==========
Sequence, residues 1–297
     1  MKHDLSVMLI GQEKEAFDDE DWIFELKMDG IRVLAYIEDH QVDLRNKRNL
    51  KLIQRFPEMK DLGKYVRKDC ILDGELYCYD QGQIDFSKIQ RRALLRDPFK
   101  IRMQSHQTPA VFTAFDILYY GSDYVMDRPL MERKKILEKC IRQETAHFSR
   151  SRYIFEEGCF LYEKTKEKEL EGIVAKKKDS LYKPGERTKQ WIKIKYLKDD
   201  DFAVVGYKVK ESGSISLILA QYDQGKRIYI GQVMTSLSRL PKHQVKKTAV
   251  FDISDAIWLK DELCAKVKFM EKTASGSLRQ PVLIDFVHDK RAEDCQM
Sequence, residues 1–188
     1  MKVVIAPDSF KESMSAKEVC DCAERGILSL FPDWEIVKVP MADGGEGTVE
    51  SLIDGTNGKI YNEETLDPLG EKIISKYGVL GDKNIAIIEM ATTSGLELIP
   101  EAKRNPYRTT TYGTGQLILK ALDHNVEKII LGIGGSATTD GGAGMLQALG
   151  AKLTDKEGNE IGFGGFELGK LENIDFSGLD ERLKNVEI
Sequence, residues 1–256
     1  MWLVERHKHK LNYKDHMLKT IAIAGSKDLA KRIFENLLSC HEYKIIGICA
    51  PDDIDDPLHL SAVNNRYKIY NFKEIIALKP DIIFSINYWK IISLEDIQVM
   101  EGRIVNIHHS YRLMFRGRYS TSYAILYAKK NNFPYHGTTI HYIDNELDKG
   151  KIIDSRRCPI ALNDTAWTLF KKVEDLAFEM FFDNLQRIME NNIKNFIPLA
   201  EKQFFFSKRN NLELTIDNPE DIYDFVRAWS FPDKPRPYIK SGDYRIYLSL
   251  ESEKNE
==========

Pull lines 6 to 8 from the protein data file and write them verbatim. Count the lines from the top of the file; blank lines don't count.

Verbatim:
   201  DFAVVGYKVK ESGSISLILA QYDQGKRIYI GQVMTSLSRL PKHQVKKTAV
   251  FDISDAIWLK DELCAKVKFM EKTASGSLRQ PVLIDFVHDK RAEDCQM
Sequence, residues 1–188